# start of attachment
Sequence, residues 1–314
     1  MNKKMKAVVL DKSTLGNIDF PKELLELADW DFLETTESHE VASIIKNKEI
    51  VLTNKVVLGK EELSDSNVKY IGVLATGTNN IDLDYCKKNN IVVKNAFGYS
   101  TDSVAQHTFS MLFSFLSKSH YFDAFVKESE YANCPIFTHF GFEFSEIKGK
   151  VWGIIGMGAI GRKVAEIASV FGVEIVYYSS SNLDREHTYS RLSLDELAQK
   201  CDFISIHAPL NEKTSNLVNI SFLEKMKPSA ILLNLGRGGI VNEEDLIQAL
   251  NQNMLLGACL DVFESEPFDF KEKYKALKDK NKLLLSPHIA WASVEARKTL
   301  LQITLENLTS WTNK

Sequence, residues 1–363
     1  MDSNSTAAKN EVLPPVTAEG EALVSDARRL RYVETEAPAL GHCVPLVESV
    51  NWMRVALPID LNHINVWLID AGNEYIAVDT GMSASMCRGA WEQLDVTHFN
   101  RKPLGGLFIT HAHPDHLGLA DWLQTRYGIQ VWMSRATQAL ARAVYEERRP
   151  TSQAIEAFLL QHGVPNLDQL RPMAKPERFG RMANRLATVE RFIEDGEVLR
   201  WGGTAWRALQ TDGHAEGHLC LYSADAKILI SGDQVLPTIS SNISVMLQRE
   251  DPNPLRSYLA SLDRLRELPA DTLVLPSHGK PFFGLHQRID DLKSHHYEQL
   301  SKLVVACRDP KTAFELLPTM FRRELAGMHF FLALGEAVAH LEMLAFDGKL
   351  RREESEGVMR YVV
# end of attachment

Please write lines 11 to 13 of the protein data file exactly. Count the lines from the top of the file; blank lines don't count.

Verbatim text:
    51  NWMRVALPID LNHINVWLID AGNEYIAVDT GMSASMCRGA WEQLDVTHFN
   101  RKPLGGLFIT HAHPDHLGLA DWLQTRYGIQ VWMSRATQAL ARAVYEERRP
   151  TSQAIEAFLL QHGVPNLDQL RPMAKPERFG RMANRLATVE RFIEDGEVLR